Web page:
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February 19, 2020

The crisis deepens

Opinion

February 19, 2020

There has been a huge failure if we see what was promised before the elections and what has been delivered. What led to such a catastrophic failure and within such a short period of time?

The following questions may help us understand why this was always bound to fail: one, was there an understanding of the serious economic and other challenges confronting Pakistan? Two, was the economic plan too simplistic considering the complex issues with regard to economic growth, inflation, unemployment, poverty, education, healthcare, taxation etc? Three, did the PTI have a competent team with the vision and capacity to handle such complex issues? And four, what about the leadership itself; did it have enough experience, foresight and understanding of Pakistan and it’s many challenges?

It is now clear that the PTI leadership never really understood the complexity of the economic challenges facing Pakistan. They were only interested in accusing political opponents and making fun of the then party in power. Whenever the previous government took difficult decisions like increase in prices, it was attributed to mismanagement and corruption. Wasn’t this naive and childish? But this was not just public posturing; what is more dangerous is that they actually believed so.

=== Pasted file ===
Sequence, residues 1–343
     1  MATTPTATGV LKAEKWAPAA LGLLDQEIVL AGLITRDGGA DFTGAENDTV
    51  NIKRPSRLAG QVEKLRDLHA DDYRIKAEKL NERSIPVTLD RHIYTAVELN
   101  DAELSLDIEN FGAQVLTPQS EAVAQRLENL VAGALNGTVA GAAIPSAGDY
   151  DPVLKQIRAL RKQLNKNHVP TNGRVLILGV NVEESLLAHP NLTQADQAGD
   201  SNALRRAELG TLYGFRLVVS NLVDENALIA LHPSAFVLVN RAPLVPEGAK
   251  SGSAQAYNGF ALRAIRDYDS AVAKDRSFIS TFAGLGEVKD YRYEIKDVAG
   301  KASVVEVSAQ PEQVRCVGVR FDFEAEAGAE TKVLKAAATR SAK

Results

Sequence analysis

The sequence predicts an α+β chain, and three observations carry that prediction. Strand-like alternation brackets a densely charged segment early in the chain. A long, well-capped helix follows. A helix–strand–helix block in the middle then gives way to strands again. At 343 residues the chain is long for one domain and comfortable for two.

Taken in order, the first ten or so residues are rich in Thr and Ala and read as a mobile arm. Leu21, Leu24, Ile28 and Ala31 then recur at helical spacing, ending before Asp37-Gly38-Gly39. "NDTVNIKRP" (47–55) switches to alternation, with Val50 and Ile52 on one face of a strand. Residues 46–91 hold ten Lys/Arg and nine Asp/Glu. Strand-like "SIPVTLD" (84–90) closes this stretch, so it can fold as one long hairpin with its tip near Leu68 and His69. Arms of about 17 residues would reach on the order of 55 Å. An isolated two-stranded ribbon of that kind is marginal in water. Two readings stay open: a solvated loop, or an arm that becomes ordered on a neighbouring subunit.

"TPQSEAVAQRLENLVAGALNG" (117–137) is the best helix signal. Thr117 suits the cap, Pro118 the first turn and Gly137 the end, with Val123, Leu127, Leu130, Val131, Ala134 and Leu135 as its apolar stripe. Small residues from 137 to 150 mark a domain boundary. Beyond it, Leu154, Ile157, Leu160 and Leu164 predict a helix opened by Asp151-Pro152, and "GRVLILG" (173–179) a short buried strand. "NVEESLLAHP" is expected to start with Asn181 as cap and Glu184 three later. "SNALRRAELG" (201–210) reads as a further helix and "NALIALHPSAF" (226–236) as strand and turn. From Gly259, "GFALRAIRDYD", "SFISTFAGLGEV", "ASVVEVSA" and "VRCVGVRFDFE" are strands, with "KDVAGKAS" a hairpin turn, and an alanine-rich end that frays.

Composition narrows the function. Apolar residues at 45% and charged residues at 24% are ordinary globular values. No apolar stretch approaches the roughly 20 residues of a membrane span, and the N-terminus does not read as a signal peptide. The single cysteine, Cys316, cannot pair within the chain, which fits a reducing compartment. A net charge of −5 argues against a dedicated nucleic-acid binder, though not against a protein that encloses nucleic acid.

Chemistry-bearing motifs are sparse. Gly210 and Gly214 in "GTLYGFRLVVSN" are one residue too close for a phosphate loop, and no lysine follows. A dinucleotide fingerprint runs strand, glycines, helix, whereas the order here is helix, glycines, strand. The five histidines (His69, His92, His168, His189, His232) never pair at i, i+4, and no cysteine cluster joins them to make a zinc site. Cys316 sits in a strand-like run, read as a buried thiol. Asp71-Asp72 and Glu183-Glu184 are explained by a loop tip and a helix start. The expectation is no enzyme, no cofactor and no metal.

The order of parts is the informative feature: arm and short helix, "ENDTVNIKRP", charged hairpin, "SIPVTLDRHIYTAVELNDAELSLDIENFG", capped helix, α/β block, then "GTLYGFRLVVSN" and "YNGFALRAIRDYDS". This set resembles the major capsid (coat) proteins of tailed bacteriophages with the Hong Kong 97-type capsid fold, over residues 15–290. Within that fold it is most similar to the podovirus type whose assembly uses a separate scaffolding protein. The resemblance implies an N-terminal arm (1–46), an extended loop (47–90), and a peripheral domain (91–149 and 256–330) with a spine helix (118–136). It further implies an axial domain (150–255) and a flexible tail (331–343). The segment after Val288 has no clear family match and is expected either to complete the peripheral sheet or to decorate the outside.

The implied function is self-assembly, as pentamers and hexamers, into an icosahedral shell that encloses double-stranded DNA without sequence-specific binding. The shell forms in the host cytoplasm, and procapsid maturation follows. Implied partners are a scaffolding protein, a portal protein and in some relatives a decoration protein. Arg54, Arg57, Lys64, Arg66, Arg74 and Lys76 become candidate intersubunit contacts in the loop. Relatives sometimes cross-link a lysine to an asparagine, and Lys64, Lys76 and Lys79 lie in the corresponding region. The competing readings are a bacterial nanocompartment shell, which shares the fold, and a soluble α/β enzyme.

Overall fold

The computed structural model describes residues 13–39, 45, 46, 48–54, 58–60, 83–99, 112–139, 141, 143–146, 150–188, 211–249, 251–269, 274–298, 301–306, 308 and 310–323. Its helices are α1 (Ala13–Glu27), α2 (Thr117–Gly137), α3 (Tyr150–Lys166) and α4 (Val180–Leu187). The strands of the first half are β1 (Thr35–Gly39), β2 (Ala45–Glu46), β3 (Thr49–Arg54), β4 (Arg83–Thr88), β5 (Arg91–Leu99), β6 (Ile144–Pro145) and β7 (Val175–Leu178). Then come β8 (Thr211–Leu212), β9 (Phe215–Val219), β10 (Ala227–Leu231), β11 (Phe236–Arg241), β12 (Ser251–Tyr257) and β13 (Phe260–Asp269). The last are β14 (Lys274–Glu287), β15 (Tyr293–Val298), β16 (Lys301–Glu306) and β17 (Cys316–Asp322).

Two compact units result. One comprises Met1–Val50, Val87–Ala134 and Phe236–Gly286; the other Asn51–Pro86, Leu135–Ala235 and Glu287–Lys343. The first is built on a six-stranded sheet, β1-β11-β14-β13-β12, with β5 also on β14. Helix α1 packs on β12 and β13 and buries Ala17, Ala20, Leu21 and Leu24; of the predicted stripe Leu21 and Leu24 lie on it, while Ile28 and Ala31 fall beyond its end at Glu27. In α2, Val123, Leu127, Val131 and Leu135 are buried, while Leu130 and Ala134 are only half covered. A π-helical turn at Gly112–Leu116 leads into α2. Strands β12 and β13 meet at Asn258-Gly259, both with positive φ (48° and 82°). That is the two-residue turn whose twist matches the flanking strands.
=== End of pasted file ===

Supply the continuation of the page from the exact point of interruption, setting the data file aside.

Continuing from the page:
And this brings us to our second point: was the economic plan too simplistic? Yes it was not just simplistic but it also lacked any foundation in reality. No professional work was involved in coming up with the economic plan. For example, the commitment to providing one crore jobs or 50 lakh housing units was absurd.

The entire plan was built around one focal point – Imran Khan is sincere and has credibility, and only this factor will ensure economic turnaround. People believe in Imran Khan and therefore will line up to pay taxes or overseas Pakistanis will start sending millions of dollars. And the billions being looted and plundered simply not happen because the ‘looters and plunderers’ will no more be in power.